I have flown more miles and walked more steps to get to a destination than I did to get to the Amazon jungle, but I have never made a journey quite like this one! Three plane rides, a bus ride, and a boat ride later, we made it to the village of 9 de Octubre.
The trip began around 2:30pm on Friday, February 21, at the New Orleans International Airport. Four of the twelve team members traveled earlier in the week, so the eight of us traveling together were dropped off at the airport with suitcases and smiles. The energy I felt that day was pure excitement, full of anticipation of all the unknown.
While in the New Orleans airport, we got so comfortable visiting with each other before the flight that we almost missed the call to board our plane. Thankfully, we made it, and a couple of hours later, we landed in Miami for a long layover.
In Miami we made our final phone calls, ate one last “American” meal, and ended the evening by putting away electronics and visiting with one another. That time together with my teammates would become one of the (many) highlights of the week.
We departed from Miami around midnight (Eastern time), and landed in Lima, Peru, around 7:00am (Central time). Fortunately I slept most of the flight, so I felt somewhat refreshed that morning.We stood in line for immigration and customs for about an hour, then headed to the food court to grab breakfast.
The food court in the Lima airport was – surprise, surprise – full of American fast food chains: Papa John’s, KFC, McDonald’s, Starbucks, and more. With little to no idea of what was typical of Peruvian food, I picked the most Peruvian-looking place and got in line. Sangucheria La Lucha did not disappoint, and neither did the people I met in line. One woman in line graciously entertained my questions on Peruvian cuisine and gave me a quick run-down of the menu.
I was thankful for my Spanish-speaking abilities, but also surprised to see so many words with which I was unfamiliar. One thing I did not anticipate was the large vocabulary of food, drinks, and plants (edible and non-edible) that was entirely new to me. When I thought about how connected food is to region and location, I recognized that it made perfect sense that a menu would still look foreign to this Mexican-taught Spanish-speaker.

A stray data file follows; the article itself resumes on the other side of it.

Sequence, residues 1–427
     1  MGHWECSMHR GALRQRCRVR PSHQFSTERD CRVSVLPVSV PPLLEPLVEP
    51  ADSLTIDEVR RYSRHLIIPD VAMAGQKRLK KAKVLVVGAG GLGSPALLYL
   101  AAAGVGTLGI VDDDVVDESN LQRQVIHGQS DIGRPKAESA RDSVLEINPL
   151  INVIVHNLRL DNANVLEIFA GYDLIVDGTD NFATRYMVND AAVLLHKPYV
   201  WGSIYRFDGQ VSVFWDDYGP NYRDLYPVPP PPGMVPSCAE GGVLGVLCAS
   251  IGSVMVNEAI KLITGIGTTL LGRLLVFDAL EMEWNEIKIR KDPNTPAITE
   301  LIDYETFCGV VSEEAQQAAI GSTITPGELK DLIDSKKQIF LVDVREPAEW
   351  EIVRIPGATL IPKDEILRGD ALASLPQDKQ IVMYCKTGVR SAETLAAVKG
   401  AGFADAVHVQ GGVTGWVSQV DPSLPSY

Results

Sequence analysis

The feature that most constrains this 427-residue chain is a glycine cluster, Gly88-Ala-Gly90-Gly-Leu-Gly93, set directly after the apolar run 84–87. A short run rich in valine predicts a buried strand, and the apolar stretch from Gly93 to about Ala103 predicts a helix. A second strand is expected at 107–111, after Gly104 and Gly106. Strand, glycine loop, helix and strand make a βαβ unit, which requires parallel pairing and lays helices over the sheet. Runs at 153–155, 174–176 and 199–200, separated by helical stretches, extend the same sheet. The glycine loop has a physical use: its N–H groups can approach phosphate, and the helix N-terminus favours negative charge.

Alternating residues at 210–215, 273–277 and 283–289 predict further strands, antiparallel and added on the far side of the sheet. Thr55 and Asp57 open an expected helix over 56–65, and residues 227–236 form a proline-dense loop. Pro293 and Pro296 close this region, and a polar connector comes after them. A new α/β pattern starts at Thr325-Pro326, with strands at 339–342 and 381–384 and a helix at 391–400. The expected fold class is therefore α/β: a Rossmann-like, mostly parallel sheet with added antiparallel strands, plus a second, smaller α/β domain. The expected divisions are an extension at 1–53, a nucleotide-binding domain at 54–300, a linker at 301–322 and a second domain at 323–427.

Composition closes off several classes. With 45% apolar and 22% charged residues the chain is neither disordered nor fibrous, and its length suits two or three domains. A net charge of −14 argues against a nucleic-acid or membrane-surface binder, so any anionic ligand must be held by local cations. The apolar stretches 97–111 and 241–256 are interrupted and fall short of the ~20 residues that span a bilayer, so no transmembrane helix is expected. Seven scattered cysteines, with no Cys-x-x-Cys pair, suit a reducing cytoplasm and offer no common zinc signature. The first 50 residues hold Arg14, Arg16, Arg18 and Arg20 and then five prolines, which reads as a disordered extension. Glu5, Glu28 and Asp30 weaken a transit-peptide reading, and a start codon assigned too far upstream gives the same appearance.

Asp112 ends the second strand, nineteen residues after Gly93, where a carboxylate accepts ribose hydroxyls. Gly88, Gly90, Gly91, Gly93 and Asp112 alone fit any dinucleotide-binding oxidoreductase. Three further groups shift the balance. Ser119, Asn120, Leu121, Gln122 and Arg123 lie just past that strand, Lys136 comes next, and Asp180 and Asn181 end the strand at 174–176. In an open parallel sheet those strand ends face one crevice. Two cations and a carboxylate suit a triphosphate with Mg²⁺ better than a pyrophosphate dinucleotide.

Figuring I couldn’t go wrong with standard breakfast ingredients, I picked a delicious egg, ham, and cheese sandwich with fresh and frozen mango juice to go with it. I was right; my first meal in Peru was delicious!
From Lima, we flew to Iquitos, the largest city only accessible by air and water. We were met by Sam, one half of the American couple who was hosting us. From there we took a van to a local hotel where we spent the night.
A few things I want to say about Iquitos – Because the only road out of Iquitos ends in the small town of Nauta, about 60 miles away, cars and other automobiles are few and far between. The majority of public transportation is done using motobikes, a modified motorcycle with a trailer in the back that can fit two people comfortably (and three uncomfortably, though many motobikes we saw had a lot more than three passengers!).
That said, A single bungee cord is NOT sufficient to secure luggage for eight travelers! About halfway to the hotel, I looked back to see a suitcase roll off the top of the luggage rack and into a street full of motobikes. We were all concerned, but no one as much as Taylor, the owner of the flying suitcase. Fortunately the motobike drivers behind us showed their kindness by collecting the suitcase from the road and then pulling over to hand it back to us.
Although the city of Iquitos is tucked away in the jungle and not accessible by road, it is much like many other cities I have seen. In Iquitos you can find good food, beautiful spaces, and kind people. We saw a little bit of the city while out and about, and we experienced great customer service from everyone from the hotel employees to the street vendors.
After a good night’s rest and one last hot shower, we left Sunday morning to make the rest of the trip. The bus ride was comfortable and uneventful, and the boat ride was beautiful. That was the leg of the journey about which I was most worried, but it was also the part I enjoyed the most.
The ride gave me a chance to soak in what life on the river looks like – small villages built on river banks, children waving from the river bank to the passengers passing by, and no one in a hurry to go or be anywhere.
The boat we traveled in was made of solid wood – many of the tribes of the Amazon jungle work with lumber – and covered with a roof made of woven palm leaves.
A few of the pastors and their families met us in Nauta and joined us on the boat. Rodrigo, a 12-year-old young man with a quick smile and gentle spirit, sat across from me in the boat, carefully watching for flies and mosquitos. Any time a bug landed on my legs, he was quick to kill it. I told him that he was my hero, and I was gifted with the most beautiful ear-to-ear grin in return.
The trip home went much the same, except I was a little more exhausted and a little more knowledgeable on the way back. Again, coming home, the boat ride and bus ride were the most enjoyable parts of our trip. We experienced a lot of near-disasters and stress on the flights home, including two of our team members almost getting left behind in Iquitos due to an overbooked flight, all twelve of us almost getting stranded in Lima due to the longest TSA line I have ever stood in, and then walking the entire length of the Miami airport just to get luggage checked that should have already been checked all the way through.
When we finally landed in New Orleans, all I could think of was “but God.” So many of these situations could have been much worse, but God intervened, and we landed in New Orleans around 11:00am on Saturday, February 29.
Find out more about the village in my next post, “Peru: The Place,” which goes live on Monday!